The Check Please! Food Truck Fest delivers

The Check Please! Food Truck Fest delivers

Thanks in part to the Mayor’s support, Chicago food trucks are hot.

WTTW’s Check Please! was very smart to pick up on the trend by hosting their own Food Truck Fest, which was held last Friday evening. The concept was especially appealing to suburban-types like me, who know about food trucks but haven’t had much experience with them.

I absolutely love the idea of a food truck fest. And in spite of the fact that the weather was cold, rainy and generally miserable, I had a great time.

I say that even after standing for two and a half hours in the rain and holding an umbrella while attempting  to scarf down the goods from 7 out of 13 food trucks. (There was beer, wine and water too, but because of long lines—which I’ll get to later, I didn’t get a chance to sample any of the drinks.)

My top food picks were:
Duck N Roll's deliciously complex duck gumbo with edamame and diced carrots.
Wagyu Wagon’s fries and mini sloppy joe on a brioche bun.
The vegan potatoes, peas and gravy dish from Curried Mobile.
The margarita pizza from Caponies. Even in the rain, the slices weren't soggy. They tasted crispy-good.

There were a wide variety of other food truck vendors too : Bergstein's NY Deli, e. leaven, Falafel Brothers, Pleasant House Bakery, Cupcakes For Courage, Getta Polpetta!,  Soups in the Loop, Ice3 and Don Rafa.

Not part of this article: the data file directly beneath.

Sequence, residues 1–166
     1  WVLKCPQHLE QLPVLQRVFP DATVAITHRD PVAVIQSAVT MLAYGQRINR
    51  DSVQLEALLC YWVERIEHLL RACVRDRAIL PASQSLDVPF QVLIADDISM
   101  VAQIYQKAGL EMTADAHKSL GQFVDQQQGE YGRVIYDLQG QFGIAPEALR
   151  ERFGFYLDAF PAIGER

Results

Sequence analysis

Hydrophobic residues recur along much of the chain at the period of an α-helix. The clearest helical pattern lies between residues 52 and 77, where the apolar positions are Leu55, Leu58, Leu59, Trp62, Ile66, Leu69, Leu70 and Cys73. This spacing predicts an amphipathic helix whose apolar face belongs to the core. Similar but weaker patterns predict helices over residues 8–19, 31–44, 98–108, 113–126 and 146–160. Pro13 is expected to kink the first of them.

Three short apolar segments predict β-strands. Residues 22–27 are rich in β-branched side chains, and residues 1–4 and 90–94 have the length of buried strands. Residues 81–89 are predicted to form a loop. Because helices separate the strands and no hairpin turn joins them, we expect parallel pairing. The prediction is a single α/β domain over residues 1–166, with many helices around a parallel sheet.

I'm hoping that next year Check Please! hosts what becomes their Second Annual Food Truck Fest. Still, there needs to be a few adjustments. The food lines at many of the trucks were too long and consequently, the wait time was not reasonable.

For example, it took about 45 minutes to get a falafel sandwich from Falafel Brothers.  At that point, someone could have handed me a whole Maine lobster with drawn butter, and I wouldn’t have been happy.

Here are some of my thoughts and suggestions, which could hopefully make for an even better Food Truck Fest next year:

  1. Make the hours of the fest longer so there aren't so many people there at the same time. Maybe start the event at 1 p.m. Or hold it over an entire  weekend to accommodate a large crowd.
  2. Have the food truck owners confer with the vendors at Taste of Chicago and find out how to serve more people faster and more efficiently.
  3. Or, I hate, hate, hate to say this, but since the event probably raises funds for WTTW (or should), I will: They ought to consider raising the price tag for the event and selling fewer tickets.
  4. Have a Plan B in case it rains. Plan B could include tents and, if nothing else, some seating and lighting in the existing covered area of the parking lot. There were some long picnic tables this year that remained empty in the rain drops. Next year, if the day calls for rain, hire someone to bring the tables undercover.
  5. Hold the event earlier in the summer when there is less chance of bad weather.

I don’t think anybody will hold any of the inconveniences against the fest’s sponsors. Even with the rain and the long lines, people were happy to be there and waited patiently. No one’s spirit, pun intended, was dampened.

After all, the Food Truck Fest was a spanking new event. For Check Please!, it was their first go at a food truck fest. Next year with a few tweaks, the food fest could  potentially be the event of the year.

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